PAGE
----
Concert 31- Los Angeles, California
August 9, 2009
The Jonas Brothers are a back drop for my life. By creating music and concerts they have opened a place for me to experience life. I may go to hundreds of Jonas Brothers concerts in my life and I may never get closer to them than third row in the middle section of the stage. In that seat, I locked eyes with each of them and I sent them joy, love and gratitude. I am complete.
This was never about meeting them. It was about the music and the community and the heart centeredness. It has been a journey of healing, connecting and expanding.
What is most important to me today is the experience I am having with you. Something really amazing happened yesterday. It was a powerful example of what I am talking about here.
First part of story:
It all started with losing my phone on August 8 during the Verizon wireless in-store event for Honor Society and The Wonder Girls. I had so many bags and stuff, it probably flipped out of the bag. Verizon may have even thought it was one of the donations of old cell phones they were collecting on that day.
Second part of the story:
On August 8 in the evening-11pm , there was A Full Moon Crazy concert with Honor Society at Club Nokia. Honor Society put on an amazing show. The Jonas Brothers stopped by to sing, “Close the Book,” with HS and Jordin Sparks popped in, too. It was like hanging out with them in an intimate, high energy environment. If you have a chance to see Honor Society on the tour, you can find the information on www.myspace.com/honorsociety.
Before the show started, I asked two young women about the logistics of the stage. They didn’t know, but we started a conversation about where we were from and concerts we had attended and more. At one point, there was a connection when we talked about the concerts in Chicago and I told them my daughter and I were going to 45 concerts. They stopped in mid-sentence, got excited, knew the story and called their mom, April over and the other sister. Three sisters who were going to a few concerts this summer with their Mom.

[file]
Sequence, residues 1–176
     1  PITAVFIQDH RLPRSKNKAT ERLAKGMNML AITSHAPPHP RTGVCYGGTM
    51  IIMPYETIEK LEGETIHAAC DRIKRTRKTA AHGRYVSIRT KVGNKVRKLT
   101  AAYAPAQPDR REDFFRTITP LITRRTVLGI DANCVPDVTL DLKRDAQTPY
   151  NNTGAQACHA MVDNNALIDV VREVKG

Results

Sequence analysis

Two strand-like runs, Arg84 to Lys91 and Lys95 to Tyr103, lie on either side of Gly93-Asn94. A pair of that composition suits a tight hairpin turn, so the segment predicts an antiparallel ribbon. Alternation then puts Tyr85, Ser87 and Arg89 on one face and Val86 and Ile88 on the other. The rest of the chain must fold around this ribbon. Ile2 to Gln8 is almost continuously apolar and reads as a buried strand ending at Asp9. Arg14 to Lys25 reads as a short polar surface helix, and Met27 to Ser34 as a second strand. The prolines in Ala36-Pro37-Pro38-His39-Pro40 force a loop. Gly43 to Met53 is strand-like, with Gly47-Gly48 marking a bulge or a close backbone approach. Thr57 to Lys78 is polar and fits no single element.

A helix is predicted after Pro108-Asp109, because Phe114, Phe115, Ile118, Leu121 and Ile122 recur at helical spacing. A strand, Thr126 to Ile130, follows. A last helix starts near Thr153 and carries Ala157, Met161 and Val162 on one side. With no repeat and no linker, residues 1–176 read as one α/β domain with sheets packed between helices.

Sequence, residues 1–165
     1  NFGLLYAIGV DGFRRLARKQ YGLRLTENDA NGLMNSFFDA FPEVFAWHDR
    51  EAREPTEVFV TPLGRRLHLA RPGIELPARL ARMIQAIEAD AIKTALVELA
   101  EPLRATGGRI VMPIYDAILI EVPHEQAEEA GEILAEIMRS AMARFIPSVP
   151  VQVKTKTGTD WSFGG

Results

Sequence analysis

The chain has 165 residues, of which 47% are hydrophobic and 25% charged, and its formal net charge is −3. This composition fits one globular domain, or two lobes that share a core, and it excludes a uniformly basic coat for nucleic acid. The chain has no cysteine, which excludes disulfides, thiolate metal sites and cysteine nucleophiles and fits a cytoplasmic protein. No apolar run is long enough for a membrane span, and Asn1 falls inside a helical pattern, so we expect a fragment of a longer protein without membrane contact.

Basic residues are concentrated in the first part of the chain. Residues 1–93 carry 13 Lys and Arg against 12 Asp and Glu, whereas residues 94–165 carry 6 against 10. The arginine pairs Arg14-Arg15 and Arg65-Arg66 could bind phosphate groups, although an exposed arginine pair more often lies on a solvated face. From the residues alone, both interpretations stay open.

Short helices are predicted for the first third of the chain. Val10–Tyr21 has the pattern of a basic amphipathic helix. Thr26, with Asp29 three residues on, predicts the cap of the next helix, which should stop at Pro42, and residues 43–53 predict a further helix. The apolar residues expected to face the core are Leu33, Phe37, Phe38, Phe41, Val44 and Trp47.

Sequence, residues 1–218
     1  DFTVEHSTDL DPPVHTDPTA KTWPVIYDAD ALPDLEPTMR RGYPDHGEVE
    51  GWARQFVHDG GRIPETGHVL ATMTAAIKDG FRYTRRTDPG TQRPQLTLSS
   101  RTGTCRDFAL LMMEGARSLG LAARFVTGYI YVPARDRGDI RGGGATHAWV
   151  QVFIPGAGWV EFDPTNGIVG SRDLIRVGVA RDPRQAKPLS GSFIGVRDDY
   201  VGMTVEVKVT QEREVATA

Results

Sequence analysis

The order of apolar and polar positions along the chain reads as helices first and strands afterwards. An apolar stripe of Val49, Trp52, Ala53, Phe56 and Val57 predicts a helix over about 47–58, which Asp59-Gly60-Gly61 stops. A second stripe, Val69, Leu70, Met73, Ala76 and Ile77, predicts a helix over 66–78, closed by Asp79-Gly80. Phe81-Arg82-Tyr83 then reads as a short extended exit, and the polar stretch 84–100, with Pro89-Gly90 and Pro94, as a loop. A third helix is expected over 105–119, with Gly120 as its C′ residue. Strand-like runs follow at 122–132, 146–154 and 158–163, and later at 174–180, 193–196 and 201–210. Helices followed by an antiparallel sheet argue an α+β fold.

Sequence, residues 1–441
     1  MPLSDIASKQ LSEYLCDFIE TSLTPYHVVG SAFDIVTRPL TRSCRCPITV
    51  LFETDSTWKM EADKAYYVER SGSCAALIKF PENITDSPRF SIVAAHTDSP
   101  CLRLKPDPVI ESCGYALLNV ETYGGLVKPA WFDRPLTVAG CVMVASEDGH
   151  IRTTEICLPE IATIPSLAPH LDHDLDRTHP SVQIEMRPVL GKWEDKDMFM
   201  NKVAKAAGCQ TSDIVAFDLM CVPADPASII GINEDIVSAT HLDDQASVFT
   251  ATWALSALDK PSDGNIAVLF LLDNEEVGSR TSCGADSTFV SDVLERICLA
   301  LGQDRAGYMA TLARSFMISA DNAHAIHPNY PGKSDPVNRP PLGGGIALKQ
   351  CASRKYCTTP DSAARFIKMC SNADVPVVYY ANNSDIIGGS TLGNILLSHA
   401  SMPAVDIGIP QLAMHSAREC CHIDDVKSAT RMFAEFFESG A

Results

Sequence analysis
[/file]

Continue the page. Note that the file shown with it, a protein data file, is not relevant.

(They sang at a soundcheck and when I find the link I will post in. More details will be added in Sept.)
We had such a great conversation about our daughters and the connecting we can do with them by going to the concerts and sharing this experience. I found another soul sister, in the mom, April, who understood.
They had two tickets to sell for the next day. I don’t mean to sound like a broken record, but we have reached a point where we are looking for cheap tickets every day. We are not trying to take advantage of anyone. It is just part of our journey right now. April gave me her phone number and we said we would call about the tickets the next morning after looking at our budget.
Third part of the story:
The next morning, Hannah and I looked at the money we had, calculated the gas, food, and tickets for the next two concerts and realized we had $100 total to spend on tickets for the LA show. I called April on Hannah’s phone, let her know our budget and thanked her for the ticket offer, but we didn’t have enough money. April decided that she didn’t have time to sell them to anyone else and would sell them to us for the $100. We agreed to meet at the venue that evening. She had Hannah’s cell phone. Mine was still lost.